Ludlum’s tale is a series of inter-connected, world-wide plots further connected by a journal typed into a computer by an unidentified man who records the events for his own mysterious purposes.
In book one of the novel, terrorists have already killed 11 hostages and threaten to kill the other 236 Americans they hold hostage in the US embassy in Masqat, Oman. They demand release of 8,000 terrorists belonging to organizations ranging from the IRA to the PLO.
Evan Kendrick, a newly-elected, “accidental” Colorado congressman, convinces the State Department’s covert operations director to let him try to raise the siege using connections he made—including connections to the Sultan of Oman—while doing construction work in the Middle East.
The man at DoS agrees only because Kendrick’s offer is predicated on his role never being known to any other person.
The hostage incident is over page by 221 of the novel. After that the Ludlum’s story gets complicated.
Although the novel is action packed, Ludlum’s characters are believably complex characters whose motivations are as complex as their personalities.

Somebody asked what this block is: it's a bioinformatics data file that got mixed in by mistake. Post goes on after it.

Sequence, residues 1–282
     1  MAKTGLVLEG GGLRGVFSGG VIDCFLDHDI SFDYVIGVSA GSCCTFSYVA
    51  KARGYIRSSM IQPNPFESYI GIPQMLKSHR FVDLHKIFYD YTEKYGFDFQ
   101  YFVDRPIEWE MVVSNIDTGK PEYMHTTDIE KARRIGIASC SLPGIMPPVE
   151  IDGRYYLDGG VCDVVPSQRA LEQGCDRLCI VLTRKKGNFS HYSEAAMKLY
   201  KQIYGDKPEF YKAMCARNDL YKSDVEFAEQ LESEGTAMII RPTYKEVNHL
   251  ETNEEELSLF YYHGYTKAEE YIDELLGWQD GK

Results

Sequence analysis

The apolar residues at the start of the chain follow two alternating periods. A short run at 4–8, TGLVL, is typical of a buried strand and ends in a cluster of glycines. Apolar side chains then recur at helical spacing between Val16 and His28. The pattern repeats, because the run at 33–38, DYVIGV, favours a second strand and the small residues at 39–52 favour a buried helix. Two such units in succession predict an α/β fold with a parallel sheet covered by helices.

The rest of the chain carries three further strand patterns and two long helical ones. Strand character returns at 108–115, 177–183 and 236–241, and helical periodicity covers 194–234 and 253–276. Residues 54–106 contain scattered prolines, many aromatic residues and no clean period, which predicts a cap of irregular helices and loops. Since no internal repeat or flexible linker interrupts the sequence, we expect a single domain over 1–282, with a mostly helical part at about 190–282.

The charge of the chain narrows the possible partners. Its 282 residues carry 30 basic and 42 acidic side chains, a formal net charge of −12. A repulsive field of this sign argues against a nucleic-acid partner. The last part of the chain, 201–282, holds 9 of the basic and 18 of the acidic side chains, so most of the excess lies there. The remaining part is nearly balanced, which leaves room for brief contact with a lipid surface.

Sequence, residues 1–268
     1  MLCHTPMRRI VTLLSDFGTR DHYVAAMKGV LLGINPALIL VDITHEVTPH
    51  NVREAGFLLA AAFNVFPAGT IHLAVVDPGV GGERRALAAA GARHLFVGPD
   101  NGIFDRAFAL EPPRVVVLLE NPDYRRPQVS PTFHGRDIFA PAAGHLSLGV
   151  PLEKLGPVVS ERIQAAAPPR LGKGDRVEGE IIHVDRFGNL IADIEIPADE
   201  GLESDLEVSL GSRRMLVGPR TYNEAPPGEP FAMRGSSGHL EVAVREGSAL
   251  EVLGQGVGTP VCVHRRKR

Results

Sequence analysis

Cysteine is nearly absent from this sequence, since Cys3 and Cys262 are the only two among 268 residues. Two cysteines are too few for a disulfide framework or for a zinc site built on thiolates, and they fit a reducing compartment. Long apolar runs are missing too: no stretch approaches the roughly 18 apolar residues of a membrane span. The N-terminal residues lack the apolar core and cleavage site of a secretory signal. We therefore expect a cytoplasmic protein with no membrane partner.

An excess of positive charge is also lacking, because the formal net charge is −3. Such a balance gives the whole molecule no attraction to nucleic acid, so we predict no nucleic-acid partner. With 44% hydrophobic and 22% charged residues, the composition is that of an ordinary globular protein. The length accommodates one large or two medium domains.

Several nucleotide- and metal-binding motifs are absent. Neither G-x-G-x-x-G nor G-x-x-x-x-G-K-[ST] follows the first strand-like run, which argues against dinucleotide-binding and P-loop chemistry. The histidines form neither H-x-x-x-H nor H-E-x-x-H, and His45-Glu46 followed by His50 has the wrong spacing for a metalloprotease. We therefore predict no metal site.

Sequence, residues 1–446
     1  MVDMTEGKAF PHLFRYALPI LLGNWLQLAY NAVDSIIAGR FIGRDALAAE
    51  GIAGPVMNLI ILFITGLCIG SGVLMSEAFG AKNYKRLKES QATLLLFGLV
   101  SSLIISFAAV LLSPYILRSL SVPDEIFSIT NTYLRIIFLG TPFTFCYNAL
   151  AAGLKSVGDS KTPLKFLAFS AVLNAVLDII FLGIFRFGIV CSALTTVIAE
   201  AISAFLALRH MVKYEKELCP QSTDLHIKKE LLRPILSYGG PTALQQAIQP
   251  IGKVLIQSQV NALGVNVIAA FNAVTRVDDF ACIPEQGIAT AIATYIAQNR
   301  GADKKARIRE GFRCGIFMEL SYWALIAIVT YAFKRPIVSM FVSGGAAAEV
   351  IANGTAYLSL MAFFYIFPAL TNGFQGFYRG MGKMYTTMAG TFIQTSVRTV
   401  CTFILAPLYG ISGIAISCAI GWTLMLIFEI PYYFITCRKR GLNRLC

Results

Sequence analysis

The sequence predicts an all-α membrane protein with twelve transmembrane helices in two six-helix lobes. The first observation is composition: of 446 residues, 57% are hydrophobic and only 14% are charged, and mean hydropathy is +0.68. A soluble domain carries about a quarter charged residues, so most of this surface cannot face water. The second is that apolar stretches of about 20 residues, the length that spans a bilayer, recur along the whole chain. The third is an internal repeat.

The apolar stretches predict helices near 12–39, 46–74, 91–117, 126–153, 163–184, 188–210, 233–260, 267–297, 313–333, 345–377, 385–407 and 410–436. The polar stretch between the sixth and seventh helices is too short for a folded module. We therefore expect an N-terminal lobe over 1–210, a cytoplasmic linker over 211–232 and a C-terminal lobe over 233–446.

This 1988 bestselling political thriller requires—and deserves—readers’ full attention: The plot Kendrick uncovers is altogether too plausible to be dismissed in 2019.
The Cardinal of the Kremlin was Tom Clancy’s fourth bestseller in a row.
It follows what by 1988 had become Clancy’s signature blend of Cold War politics, espionage, military technology, and the presence of CIA analyst Jack Ryan.
The “Cardinal” of this novel is a Colonel Mikhail Filitov, thrice awarded the Hero of the Soviet Union medal for service in battle; unknown to Ryan, he’s been a CIA spy for 30 years.
Ryan is in Moscow as a technical advisor for arms negotiation. There he stumbles across information that the Soviets are very close to having a working, missile-based laser system.
Far to the east on the Afghanistan-Russia border, an Afghan freedom fighter glimpses a flash of green light that proves the Soviet technology works. He passes his observation along to the CIA along with documents taken from Russians he and his men slaughtered.
Clancy runs multiple story threads simultaneously, switching the scene from one continent to another, and the focus among dozens of characters.
You can read Cardinal for relaxation, but you can’t relax and read it. That is part of its attraction. Clancy expects each reader to do his/her duty.